Even after being granted a GACP licence, obtaining GMP certification remains a major challenge for agricultural companies that want to enter the medical Cannabis industry. This is due to the fact they no longer operate only in the field of agricultural production, covered by GACP, but must meet the much stricter GMP standard in the pharmaceutical sector as well.
What makes it even harder to meet the GACP and GMP standards for newcomers is that these standards are only formulated as guidelines, which do not define exact courses of action.
Therefore, should you want to build and run a production facility for medical Cannabis, we highly recommend working with consultants that have the combined knowledge of legacy Cannabis growers, agricultural experts and specialists from the pharmaceutical sector.
This can accelerate your route to license approval and market authorisation as you receive SOPs and additional documentation such as work instructions, forms and logs that combine the expertise of relevant parties.
This documentation is designed to ensure the effective production of the highest quality medical cannabis and forms the basis of employee training.
Importantly, delivering training based on cultivation SOPs is a valuable step in ensuring your quality team and other pharmaceutical specialists fully understand the cultivation and post-harvest processes and all its related procedures. These SOPs are also integral for risk management and mitigation strategies related to optimising your production process and facilitating effective troubleshooting.
Finally, SOP-based training is essential for ensuring the quality management system and its associated documentation are user-friendly and offer practical solutions for ensuring your operation stays compliant and runs smoothly.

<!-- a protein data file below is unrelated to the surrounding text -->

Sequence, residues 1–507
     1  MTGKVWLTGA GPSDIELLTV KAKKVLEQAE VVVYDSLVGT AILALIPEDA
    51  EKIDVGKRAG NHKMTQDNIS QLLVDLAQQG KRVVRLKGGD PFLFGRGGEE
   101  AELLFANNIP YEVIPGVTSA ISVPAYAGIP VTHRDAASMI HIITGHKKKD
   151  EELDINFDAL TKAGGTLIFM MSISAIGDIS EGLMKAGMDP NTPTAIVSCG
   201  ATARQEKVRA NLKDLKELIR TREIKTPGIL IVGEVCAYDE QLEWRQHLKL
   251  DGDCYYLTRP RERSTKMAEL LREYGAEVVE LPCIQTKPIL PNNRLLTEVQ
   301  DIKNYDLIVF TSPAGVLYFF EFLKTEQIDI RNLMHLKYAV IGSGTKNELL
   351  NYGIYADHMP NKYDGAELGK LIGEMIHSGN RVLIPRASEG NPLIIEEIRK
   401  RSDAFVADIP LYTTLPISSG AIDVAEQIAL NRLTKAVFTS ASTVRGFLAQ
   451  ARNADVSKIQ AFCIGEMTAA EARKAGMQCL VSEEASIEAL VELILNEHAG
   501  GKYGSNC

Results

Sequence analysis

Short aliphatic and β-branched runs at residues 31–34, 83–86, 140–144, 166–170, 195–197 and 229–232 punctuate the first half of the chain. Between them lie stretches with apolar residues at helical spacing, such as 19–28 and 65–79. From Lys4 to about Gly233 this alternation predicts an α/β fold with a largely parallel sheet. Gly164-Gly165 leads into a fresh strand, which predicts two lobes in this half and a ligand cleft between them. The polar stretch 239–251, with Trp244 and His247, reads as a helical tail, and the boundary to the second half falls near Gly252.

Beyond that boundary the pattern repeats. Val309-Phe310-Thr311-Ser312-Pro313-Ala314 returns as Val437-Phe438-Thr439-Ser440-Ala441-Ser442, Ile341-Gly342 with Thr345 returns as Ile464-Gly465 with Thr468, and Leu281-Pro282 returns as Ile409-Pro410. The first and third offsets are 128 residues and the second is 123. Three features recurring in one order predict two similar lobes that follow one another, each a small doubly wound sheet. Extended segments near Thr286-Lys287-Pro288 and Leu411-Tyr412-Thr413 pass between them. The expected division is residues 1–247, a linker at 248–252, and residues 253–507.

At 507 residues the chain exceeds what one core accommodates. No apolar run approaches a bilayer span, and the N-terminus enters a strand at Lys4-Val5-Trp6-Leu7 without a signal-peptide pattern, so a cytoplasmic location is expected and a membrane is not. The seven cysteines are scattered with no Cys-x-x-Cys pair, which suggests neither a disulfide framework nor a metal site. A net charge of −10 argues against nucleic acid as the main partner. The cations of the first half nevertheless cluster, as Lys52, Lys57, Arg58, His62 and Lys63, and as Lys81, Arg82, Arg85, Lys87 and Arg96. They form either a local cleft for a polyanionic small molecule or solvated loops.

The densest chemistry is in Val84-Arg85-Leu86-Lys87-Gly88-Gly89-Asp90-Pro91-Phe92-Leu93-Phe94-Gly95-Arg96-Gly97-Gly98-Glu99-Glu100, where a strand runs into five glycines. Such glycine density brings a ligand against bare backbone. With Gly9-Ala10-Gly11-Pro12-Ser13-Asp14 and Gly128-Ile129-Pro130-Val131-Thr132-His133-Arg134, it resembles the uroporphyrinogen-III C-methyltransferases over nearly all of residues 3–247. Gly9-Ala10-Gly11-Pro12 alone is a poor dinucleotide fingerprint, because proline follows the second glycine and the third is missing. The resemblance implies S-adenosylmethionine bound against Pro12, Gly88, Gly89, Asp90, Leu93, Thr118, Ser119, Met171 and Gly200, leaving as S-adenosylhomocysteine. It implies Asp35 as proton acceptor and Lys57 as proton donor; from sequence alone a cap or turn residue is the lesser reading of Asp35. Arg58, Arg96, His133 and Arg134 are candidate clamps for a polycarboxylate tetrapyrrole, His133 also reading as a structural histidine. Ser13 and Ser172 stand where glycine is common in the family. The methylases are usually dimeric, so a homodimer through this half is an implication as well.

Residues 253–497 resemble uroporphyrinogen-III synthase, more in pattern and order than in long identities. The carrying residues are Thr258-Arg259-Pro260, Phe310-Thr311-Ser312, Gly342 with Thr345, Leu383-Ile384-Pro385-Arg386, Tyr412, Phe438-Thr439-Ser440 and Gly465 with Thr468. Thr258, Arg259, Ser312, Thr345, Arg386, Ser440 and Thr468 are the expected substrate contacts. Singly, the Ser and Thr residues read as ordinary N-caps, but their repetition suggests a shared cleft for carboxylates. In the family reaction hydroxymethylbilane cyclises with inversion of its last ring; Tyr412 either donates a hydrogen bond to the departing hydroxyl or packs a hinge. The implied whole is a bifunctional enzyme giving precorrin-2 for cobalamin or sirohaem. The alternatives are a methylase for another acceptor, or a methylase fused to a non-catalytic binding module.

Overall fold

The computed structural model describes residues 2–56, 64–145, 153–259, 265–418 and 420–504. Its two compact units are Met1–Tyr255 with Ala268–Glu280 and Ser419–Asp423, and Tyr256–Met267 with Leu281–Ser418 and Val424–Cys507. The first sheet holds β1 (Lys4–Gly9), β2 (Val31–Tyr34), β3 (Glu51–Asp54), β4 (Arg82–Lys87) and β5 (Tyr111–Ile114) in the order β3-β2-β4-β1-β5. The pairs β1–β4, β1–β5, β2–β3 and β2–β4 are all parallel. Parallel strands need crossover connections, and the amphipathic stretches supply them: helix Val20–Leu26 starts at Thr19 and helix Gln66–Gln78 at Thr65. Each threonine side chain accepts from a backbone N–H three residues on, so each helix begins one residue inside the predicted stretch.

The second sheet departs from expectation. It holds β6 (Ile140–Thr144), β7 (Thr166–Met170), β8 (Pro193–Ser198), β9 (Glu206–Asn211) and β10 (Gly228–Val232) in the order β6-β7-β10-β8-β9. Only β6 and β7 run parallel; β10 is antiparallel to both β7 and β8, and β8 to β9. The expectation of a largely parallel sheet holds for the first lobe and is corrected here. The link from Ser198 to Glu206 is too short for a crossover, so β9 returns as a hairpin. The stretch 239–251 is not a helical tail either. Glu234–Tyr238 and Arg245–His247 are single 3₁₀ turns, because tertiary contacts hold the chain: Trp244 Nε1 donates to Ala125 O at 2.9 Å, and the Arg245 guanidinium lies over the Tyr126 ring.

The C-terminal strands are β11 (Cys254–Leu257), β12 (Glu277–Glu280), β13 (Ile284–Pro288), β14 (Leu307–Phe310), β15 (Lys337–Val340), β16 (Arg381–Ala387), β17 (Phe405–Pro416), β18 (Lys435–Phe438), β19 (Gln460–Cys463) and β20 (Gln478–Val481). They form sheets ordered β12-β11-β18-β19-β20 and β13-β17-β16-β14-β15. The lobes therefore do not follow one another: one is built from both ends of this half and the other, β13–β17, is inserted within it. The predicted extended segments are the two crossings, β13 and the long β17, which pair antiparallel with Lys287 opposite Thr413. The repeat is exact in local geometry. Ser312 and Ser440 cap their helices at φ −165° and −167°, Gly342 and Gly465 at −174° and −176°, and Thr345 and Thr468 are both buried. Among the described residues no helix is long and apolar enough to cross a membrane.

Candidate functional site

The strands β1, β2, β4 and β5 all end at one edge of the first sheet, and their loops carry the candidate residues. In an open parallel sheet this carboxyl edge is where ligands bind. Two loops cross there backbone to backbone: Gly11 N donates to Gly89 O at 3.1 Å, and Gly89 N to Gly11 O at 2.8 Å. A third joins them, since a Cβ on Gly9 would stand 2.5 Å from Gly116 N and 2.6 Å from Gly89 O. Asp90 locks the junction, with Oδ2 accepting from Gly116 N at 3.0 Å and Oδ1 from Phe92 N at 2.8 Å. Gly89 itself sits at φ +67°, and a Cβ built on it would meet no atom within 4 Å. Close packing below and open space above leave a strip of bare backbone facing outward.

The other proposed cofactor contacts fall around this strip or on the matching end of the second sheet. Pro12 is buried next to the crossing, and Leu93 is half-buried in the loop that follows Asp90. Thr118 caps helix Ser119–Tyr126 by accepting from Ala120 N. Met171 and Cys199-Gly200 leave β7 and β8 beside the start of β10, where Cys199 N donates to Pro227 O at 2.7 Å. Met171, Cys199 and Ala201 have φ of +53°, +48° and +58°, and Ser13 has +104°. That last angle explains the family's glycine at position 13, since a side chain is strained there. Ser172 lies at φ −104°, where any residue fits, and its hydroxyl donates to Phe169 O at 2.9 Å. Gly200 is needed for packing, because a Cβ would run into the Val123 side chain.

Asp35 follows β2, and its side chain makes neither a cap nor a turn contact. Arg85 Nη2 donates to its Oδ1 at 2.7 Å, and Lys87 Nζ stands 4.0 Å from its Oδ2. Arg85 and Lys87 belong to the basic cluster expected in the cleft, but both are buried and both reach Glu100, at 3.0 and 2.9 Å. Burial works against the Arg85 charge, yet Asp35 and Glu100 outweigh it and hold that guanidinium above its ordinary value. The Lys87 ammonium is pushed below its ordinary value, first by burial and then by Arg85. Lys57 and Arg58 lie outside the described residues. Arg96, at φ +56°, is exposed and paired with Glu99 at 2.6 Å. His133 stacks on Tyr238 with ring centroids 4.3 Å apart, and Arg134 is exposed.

Documentation remains part of the toolkit that can ensure lean manufacturing in medical Cannabis facilities and ensure consistency with regard to achieving a compliant and high-quality product.
A cultivation consultant can collaborate with a facility’s quality management staff to draft documentation including SOPs, work instructions and forms and logs that are demanded by medical Cannabis regulatory bodies.
Having input from subject matter experts with technical expertise in the design, use and application of documentation can accelerate a company’s license application but also be an invaluable resource used to train new staff across multiple departments.
Big Leaf Consultants offers a documentation drafting service designed to provide bespoke and tailored solutions for your facility’s quality management system. Our documents have been third-party-checked and approved by the quality management staff of various facilities. We offer reworkings and customisation and can also provide feedback on any existing documentation.
Big Leaf Consultants can also deliver training sessions for quality staff to help them understand the cultivation and post-harvest process in an effort to more accurately determine the most practical solutions for essential data capture and record keeping.
To know more about these and the other services we offer, get in touch with us today.